Sixty-eight years ago, on August 6th and 9th, 1945, the United States dropped atomic bombs on the Japanese cities of Hiroshima and Nagasaki, killing more than 200,000 innocent civilians. The devastating consequences of this heinous act remain to this day. Almost seven decades later, the U.S. government still refuses to acknowledge the criminal nature of this act and to compensate its victims.
This massive crime against humanity, which has been left unpunished until today, was justified by the U.S. government as a “military necessity,” aimed at bringing about an “early end” to the war. But it is a wellknown and documented fact now that this was not an act in response to “military necessity,” but a wellcalculated move to establish U.S. imperialism’s military supremacy over the rest of the world. Humanity is still threatened by the use weapons of mass destruction, namely of nuclear weapons.
Since the end of World War II, the U.S. government has used its huge nuclear arsenal to threaten, intimidate, and blackmail many nuclear and non-nuclear states. It is estimated that there are more than 20,000 nuclear warheads stored in military installations all over the planet with several thousand installed in military bases and in air and naval fleets, ready to be used.
In view of the seriousness and the threat by the United States to maintain, in its military doctrine, the right to first use of nuclear weapons against non-nuclear States and “agents,” and given the situations of armed conflicts—especially in the Middle East and Africa—generated by the U.S. and other Western imperialist powers, mostly from within the framework of NATO and the E.U., the survival of the whole humanity is being increasingly threatened.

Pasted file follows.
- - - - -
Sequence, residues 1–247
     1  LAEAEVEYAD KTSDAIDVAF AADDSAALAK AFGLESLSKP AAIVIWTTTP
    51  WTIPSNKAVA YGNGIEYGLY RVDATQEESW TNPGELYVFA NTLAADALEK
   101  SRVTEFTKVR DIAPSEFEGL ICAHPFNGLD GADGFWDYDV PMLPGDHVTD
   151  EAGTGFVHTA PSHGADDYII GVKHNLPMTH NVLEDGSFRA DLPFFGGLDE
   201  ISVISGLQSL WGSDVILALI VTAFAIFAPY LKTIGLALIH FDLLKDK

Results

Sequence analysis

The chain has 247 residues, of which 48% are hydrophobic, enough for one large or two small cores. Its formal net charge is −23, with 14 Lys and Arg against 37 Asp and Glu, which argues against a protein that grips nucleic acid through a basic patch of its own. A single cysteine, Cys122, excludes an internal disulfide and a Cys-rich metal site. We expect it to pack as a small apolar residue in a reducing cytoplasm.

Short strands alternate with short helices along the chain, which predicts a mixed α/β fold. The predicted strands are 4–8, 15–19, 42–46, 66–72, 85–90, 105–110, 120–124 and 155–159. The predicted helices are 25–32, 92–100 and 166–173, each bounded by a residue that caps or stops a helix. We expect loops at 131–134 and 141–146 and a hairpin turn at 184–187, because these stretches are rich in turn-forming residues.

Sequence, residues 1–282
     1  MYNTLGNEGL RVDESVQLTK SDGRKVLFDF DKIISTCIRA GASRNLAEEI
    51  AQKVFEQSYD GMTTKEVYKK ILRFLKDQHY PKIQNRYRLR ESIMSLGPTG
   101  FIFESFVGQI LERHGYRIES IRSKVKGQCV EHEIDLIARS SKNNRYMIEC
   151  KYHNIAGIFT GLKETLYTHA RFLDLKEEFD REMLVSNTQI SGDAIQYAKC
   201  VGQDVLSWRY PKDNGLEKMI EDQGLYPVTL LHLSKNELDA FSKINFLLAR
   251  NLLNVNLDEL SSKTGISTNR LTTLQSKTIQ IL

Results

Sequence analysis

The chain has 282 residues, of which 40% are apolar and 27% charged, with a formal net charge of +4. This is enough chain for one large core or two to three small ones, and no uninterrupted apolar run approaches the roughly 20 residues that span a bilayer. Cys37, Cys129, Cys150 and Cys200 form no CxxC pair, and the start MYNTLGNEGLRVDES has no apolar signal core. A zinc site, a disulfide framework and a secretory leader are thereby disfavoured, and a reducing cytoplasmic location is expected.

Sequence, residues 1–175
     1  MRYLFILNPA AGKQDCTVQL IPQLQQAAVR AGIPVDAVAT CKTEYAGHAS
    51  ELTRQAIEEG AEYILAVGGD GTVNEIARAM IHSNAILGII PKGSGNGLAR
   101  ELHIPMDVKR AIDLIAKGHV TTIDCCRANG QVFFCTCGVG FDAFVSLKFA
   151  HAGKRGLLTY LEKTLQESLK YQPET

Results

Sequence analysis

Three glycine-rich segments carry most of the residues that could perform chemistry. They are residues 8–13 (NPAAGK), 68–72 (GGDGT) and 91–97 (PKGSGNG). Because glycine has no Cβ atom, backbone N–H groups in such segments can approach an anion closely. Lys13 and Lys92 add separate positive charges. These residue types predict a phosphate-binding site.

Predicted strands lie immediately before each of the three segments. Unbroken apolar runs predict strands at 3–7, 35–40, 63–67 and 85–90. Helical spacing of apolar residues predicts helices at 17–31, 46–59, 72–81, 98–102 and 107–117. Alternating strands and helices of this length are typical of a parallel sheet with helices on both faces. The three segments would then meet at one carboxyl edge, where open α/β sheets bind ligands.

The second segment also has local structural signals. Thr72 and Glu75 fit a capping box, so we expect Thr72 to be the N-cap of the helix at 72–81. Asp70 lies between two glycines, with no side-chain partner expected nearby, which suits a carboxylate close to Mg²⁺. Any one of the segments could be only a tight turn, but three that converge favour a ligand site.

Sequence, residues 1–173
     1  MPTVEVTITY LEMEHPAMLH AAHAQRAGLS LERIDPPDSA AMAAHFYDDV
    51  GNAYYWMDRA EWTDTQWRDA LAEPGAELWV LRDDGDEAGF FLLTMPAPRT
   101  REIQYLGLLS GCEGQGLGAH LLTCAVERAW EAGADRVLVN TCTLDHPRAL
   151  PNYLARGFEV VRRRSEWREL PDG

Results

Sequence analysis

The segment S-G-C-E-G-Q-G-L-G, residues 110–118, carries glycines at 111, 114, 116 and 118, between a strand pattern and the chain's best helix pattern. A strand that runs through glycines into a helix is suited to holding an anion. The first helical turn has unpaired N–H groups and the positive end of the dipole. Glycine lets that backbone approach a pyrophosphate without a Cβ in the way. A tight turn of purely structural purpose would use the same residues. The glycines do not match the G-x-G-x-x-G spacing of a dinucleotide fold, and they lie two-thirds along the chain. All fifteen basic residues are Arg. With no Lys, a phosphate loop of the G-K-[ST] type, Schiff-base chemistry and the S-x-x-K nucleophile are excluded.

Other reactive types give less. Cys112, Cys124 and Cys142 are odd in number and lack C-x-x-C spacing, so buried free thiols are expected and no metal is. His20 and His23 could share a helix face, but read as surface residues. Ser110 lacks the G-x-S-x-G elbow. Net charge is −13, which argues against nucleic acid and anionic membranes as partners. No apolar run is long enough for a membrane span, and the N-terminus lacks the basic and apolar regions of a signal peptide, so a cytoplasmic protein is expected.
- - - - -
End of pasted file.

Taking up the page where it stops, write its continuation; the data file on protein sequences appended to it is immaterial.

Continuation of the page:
The survival of humanity depends on a world free from all nuclear weapons and other weapons of mass destruction. As necessary steps toward this goal and remembering the Hiroshima and Nagasaki martyrs, the World Peace Council calls for:
• An end to imperialist wars of aggression and respect of sovereignty and territorial integrity of all states and nations;
• Respect for the principles of the UN Charter and the Final Act of the Helsinki Conference by all States, an end to the threat and use of force in international relations, and a universal pledge to a peaceful resolution of international conflicts
• Commitment by all States to full prohibition of nuclear testing and development of nuclear weapons, including a ban on the militarization of space;
• An end to threats of use of nuclear weapons by all nuclear States;
• A universal commitment to ban all nuclear and other weapons of mass destruction
• Adoption of necessary measures to ensure world security, demilitarization of international relations and global and controlled disarmament.
World Peace Council Secretariat, August 1, 2013